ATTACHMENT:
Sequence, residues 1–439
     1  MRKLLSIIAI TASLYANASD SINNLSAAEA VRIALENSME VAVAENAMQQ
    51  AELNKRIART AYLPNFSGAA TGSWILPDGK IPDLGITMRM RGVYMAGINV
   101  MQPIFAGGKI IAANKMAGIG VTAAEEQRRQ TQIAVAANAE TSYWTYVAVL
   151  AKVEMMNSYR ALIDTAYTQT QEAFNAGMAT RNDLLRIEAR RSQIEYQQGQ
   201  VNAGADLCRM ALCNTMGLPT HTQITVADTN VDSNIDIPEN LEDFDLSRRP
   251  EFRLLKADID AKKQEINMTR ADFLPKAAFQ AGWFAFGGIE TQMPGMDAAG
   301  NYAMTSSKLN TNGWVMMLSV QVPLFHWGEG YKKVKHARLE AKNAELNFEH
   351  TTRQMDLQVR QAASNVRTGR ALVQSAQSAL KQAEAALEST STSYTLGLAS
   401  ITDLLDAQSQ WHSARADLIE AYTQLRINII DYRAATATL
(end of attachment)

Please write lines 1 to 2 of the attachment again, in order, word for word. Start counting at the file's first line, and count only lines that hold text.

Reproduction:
Sequence, residues 1–439
     1  MRKLLSIIAI TASLYANASD SINNLSAAEA VRIALENSME VAVAENAMQQ